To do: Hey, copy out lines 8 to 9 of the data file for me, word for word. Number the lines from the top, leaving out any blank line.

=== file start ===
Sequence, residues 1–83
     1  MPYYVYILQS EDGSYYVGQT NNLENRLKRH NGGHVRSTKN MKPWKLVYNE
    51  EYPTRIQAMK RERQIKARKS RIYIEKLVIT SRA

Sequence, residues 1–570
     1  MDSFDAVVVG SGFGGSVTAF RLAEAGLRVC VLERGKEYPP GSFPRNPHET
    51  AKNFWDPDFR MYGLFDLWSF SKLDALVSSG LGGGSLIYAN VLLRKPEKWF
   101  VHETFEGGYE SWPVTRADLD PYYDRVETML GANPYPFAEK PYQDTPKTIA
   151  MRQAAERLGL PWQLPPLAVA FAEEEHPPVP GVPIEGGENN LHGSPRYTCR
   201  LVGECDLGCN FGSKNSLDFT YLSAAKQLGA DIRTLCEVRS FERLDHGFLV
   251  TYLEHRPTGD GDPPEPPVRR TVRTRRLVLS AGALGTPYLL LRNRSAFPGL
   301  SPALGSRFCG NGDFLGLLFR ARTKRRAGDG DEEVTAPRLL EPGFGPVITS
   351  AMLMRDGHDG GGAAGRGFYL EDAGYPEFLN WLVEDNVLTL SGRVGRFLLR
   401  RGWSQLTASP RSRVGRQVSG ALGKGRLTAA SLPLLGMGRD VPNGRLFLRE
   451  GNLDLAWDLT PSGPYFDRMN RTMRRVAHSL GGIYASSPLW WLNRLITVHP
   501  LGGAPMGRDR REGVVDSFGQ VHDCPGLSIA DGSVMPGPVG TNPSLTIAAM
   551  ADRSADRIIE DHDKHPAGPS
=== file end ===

   151  MRQAAERLGL PWQLPPLAVA FAEEEHPPVP GVPIEGGENN LHGSPRYTCR
   201  LVGECDLGCN FGSKNSLDFT YLSAAKQLGA DIRTLCEVRS FERLDHGFLV